SUMMARY OF THE INVENTION

The present invention is directed to a method and system for distributed imaging in a network environment. The invention provides fault tolerance and high availability of imaging devices, through the decoupling of network imaging devices from network servers. The decoupling incorporates storing information that is common between all network imaging related equipment in an organization and monitoring the health of network imaging devices. The integrity of imaging sessions within this environment is maintained through data replication and other methods of constant interaction between imaging servers and devices. As a result of the aforementioned attributes and features, the present invention provides location and name transparency of imaging devices as well as ease of administering these devices in a network environment.

BRIEF DESCRIPTION OF THE SEVERAL VIEWS OF THE DRAWINGS

The present invention is described in detail below with reference to the attached drawing figures, wherein:

FIG. 1 is a block diagram of a suitable computing system environment for use in implementing the present invention;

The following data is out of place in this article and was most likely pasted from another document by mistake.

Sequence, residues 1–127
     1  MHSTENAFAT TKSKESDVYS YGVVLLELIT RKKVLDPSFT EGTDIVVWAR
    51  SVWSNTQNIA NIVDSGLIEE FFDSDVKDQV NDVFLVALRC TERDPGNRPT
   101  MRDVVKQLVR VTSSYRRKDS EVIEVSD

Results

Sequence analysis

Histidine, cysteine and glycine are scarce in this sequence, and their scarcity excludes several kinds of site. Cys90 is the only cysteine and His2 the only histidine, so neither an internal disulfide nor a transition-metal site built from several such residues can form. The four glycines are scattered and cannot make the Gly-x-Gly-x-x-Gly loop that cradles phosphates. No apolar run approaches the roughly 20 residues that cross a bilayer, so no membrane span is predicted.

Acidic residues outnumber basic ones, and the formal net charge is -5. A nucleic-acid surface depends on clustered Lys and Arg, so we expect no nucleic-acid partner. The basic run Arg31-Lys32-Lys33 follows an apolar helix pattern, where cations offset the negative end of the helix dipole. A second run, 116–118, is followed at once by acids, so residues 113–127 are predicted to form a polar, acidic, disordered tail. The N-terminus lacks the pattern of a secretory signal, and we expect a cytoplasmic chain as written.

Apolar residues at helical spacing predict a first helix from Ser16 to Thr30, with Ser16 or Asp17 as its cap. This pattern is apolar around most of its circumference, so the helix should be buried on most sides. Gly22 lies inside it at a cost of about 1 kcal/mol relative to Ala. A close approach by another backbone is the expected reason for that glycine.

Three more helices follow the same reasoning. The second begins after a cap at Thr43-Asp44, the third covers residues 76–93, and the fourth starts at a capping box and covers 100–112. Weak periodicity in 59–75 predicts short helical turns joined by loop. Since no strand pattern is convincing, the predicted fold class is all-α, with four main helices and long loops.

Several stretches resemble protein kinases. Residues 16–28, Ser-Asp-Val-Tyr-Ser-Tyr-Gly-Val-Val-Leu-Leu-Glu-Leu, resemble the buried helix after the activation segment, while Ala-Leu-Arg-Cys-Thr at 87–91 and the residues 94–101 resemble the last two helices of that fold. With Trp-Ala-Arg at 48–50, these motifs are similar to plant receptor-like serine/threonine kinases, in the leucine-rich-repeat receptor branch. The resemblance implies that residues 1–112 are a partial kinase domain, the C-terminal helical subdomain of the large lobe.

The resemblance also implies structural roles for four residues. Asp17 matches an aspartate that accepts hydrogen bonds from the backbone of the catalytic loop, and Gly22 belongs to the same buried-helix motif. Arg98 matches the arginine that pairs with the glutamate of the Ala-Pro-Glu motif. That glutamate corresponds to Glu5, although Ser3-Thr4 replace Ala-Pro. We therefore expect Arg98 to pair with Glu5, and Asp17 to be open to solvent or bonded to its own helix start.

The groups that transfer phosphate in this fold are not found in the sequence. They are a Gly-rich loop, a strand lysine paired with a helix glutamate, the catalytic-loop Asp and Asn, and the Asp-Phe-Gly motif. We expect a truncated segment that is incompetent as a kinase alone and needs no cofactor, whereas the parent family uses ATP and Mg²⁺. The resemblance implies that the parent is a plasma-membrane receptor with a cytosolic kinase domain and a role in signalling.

FIG. 2 is a block diagram illustrating the mapping between objects defined within a backend store and physical network devices.

FIG. 3 is a diagram illustrating a schema within a backend store.

DETAILED DESCRIPTION OF THE INVENTION

The present invention is a system and method for providing distributed seamless, fault tolerant and reliable solutions for imaging devices through creating virtual imaging servers and virtual connections to network imaging devices. This invention is directed to network connected imaging devices and not standalone devices. The particular embodiments described herein are intended in all respects to be illustrative rather than restrictive. Alternate embodiments will become apparent to those skilled in the art to which the present invention pertains without departing from its scope.